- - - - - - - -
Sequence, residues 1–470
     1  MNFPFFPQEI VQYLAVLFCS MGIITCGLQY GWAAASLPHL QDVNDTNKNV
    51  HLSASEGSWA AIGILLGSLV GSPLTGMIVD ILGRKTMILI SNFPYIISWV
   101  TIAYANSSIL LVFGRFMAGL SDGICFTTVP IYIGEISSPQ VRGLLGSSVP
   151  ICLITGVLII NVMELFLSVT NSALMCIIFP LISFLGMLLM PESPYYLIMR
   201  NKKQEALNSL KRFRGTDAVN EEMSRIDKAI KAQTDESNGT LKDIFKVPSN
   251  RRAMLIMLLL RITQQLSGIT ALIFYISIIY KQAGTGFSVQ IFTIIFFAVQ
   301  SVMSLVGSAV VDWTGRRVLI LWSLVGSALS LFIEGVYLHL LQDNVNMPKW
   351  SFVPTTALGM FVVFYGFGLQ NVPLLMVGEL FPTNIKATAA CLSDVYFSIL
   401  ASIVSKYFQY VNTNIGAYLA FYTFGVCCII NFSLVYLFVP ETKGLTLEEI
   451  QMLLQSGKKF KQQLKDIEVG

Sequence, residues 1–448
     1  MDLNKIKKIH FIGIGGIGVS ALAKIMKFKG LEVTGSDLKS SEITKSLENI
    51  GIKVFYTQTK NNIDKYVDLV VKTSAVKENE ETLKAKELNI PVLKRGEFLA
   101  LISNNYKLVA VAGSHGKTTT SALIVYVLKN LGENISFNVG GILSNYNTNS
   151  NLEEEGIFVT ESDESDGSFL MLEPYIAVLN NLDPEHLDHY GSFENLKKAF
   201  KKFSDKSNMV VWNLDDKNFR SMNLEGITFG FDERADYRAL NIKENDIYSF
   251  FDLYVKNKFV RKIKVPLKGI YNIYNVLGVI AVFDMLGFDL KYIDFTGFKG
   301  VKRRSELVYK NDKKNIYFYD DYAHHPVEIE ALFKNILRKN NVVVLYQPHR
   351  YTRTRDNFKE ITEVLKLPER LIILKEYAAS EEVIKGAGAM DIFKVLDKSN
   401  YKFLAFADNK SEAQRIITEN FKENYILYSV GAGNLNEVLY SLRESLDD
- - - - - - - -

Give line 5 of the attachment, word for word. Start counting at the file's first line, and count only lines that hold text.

   151  ICLITGVLII NVMELFLSVT NSALMCIIFP LISFLGMLLM PESPYYLIMR